You Can Have It All…But Not All At the Same Time

The demanding career and the happy family. The path to get there might not be always easy-breezy, but it’s definitely worth it.


Most of my bustling career was in the telecommunications industry; Bell, Rogers, Telus and Vidéotron. I was evolving in a predominantly man’s world, but that never stopped me, nor did I consider that it could. I was the first Vice-President at Telus and the first Quebec Marketing VP for Rogers. I travelled a lot, and then I moved to Toronto, and then back to Montreal. 

I knew I wouldn’t want children before I was 40. When I met my husband at 41, I was suddenly ready to have a child. He was thirteen years younger than I was, and we had a discussion about our desire to have children and that was it. It was decided.

We started our adoption project in January 2006. For me, adopting was never a “plan B” or a compromise, I had always wanted to adopt. Ugo and I were married in March and we submitted our adoption application to China in July that same year, with the knowledge it would take approximately 11 months.

Little did we know that a new law would favour national adoption rather than international adoption and our 11 months turned into a few years.

Four years later, in January 2010, the adoption agency we were working with let us know of an adoption pilot project they were conducting in Vietnam. If we wanted to jump on board, we had to give up on our process in China and take a gamble on Vietnam. It was what felt like the biggest gamble of our lives but we took it.

We submitted our application to the pilot project in July 2010 and got the call, a month later, in August. I had no expectations of how it would feel. We were tremendously happy, completely excited…but at the same time we felt a bit odd. It was like like finding out we were pregnant, but had no idea what (or who! or when!) we were going to have join our family.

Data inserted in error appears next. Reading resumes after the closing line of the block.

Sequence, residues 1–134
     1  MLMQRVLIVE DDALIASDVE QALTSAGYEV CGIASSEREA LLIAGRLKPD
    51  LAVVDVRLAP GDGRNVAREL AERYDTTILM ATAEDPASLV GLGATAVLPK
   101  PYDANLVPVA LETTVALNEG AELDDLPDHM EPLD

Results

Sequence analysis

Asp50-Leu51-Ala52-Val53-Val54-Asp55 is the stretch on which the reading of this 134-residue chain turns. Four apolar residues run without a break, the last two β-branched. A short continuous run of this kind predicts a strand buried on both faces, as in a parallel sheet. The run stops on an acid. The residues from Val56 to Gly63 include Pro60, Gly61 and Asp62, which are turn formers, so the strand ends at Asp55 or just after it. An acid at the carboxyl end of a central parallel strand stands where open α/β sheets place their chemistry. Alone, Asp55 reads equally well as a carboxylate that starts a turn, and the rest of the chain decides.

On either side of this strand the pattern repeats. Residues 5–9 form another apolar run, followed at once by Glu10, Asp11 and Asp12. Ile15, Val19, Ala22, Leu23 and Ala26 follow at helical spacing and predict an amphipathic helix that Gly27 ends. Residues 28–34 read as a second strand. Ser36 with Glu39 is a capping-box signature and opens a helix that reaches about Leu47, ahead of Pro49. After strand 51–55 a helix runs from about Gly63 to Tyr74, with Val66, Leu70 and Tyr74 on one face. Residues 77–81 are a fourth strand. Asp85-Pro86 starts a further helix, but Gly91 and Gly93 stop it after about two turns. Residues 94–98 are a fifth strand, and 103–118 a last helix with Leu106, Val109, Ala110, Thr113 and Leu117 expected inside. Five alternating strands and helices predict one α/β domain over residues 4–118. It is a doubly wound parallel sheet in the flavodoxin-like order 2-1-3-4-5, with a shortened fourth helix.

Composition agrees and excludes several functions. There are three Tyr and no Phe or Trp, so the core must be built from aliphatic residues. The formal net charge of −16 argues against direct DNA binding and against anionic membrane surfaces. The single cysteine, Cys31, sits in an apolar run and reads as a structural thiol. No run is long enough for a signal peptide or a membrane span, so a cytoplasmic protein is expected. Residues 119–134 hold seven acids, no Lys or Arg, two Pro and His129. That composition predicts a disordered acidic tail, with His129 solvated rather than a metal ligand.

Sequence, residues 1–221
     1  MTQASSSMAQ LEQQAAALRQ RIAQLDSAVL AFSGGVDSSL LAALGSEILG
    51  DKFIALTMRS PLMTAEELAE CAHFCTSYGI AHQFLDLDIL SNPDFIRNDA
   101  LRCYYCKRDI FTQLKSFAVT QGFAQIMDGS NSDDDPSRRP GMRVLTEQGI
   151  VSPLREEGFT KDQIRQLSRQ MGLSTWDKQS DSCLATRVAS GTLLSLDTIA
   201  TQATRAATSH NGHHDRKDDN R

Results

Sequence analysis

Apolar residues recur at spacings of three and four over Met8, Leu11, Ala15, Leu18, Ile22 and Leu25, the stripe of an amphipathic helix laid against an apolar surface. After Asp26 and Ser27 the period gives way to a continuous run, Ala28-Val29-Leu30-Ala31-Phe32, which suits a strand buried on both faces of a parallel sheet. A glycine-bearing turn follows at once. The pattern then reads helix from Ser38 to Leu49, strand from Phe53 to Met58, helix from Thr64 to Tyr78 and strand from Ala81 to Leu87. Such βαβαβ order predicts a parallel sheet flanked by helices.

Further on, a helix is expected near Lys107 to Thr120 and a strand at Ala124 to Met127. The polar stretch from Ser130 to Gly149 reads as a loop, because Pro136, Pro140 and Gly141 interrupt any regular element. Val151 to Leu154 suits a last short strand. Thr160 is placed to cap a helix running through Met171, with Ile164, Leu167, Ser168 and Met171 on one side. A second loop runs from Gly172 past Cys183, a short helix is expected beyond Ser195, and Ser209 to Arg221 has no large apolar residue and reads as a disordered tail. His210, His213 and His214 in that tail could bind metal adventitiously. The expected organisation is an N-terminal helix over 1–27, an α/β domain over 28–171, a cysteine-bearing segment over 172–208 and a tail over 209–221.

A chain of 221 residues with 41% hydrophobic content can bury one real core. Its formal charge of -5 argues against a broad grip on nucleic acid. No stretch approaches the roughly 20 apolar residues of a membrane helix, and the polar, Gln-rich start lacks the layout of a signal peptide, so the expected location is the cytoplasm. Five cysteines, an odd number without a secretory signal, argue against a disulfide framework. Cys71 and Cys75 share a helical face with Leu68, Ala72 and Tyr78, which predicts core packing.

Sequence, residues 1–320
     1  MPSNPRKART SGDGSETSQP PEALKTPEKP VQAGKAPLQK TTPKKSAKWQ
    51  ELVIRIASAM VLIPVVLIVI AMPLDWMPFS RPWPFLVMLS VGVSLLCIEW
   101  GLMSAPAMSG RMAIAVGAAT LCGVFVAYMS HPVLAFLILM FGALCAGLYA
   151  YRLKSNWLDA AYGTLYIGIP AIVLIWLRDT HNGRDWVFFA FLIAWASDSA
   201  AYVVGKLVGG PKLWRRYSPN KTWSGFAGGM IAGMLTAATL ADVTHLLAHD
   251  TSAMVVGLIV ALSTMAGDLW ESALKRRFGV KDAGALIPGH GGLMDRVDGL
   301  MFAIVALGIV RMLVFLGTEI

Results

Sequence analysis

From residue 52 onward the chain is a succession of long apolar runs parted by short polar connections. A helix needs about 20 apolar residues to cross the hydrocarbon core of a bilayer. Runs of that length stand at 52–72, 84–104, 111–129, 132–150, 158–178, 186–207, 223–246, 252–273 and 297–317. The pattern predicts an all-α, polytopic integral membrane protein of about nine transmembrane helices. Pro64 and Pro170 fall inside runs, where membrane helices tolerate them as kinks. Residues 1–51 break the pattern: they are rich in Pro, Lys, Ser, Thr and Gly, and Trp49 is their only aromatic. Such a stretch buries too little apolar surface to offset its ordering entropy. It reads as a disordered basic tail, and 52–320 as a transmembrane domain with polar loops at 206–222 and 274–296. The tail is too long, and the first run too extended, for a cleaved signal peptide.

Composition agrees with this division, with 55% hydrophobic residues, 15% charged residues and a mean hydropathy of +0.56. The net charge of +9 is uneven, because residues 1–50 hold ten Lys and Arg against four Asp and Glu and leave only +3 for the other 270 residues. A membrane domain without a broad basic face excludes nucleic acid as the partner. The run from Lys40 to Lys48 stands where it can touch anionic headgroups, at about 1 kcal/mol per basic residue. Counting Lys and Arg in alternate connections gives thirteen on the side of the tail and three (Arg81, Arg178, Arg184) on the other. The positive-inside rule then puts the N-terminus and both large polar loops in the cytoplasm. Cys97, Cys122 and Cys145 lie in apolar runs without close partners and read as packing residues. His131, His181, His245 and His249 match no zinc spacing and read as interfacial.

Then, we got the file, with this one tiny photograph and found out we were about to become the parents of a beautiful baby boy.

We left Canada in December to go to Vietnam and meet our son, Arno. All I can say is that it was the trip of a lifetime.

Suddenly—on the other side of the world, far from home and just like that, they put a baby boy in my arms and we were parents…it was magical in so many ways.

It was completely unreal; it was like being on another planet. At that moment, I craved my home. All I could think about was coming back to the comfort of our house and cherishing this perfect little bundle of joy.

7 years later, I’m in my fifties and having a young one keeps me vibrant and alive. The beauty of it is that I never once felt I that I had had to make a sacrifice. I did everything I wanted to do prior to having a child. A busy career and abusy life, that’s for sure. To this day, I’m not sure I have completely mastered the perfect work-life balance, but what is perfect anyway?  Who wants perfection?

In my opinion, the key to having it all is to have a sacred place where you can find balance, where you can refocus on what’s truly important. For me, that sacred place is my childhood cabin. There we are cut off from the world—even if just for a for a brief moment—and that gives me the strength to keep going, surrounded by people that matter to me.

Finding this healing place, whatever it may be, paired with sleep (even though it can be challenging with young kids), and an excellent cup of coffee is the simple equation to embody the important roles in my life, as mom to Arno, funny wife and VP at Nespresso.


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